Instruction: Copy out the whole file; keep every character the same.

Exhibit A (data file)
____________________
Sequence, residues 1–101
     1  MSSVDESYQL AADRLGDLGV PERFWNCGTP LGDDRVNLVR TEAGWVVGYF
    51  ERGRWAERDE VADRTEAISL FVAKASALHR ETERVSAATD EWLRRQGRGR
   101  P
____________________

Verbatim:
Sequence, residues 1–101
     1  MSSVDESYQL AADRLGDLGV PERFWNCGTP LGDDRVNLVR TEAGWVVGYF
    51  ERGRWAERDE VADRTEAISL FVAKASALHR ETERVSAATD EWLRRQGRGR
   101  P